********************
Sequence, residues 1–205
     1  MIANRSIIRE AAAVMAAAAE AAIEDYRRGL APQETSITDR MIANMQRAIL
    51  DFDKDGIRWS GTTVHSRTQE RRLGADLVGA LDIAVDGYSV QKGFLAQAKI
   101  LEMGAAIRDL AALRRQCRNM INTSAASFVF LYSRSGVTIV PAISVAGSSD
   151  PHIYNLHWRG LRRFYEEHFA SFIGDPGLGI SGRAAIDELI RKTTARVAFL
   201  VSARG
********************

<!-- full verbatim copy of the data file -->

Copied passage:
Sequence, residues 1–205
     1  MIANRSIIRE AAAVMAAAAE AAIEDYRRGL APQETSITDR MIANMQRAIL
    51  DFDKDGIRWS GTTVHSRTQE RRLGADLVGA LDIAVDGYSV QKGFLAQAKI
   101  LEMGAAIRDL AALRRQCRNM INTSAASFVF LYSRSGVTIV PAISVAGSSD
   151  PHIYNLHWRG LRRFYEEHFA SFIGDPGLGI SGRAAIDELI RKTTARVAFL
   201  VSARG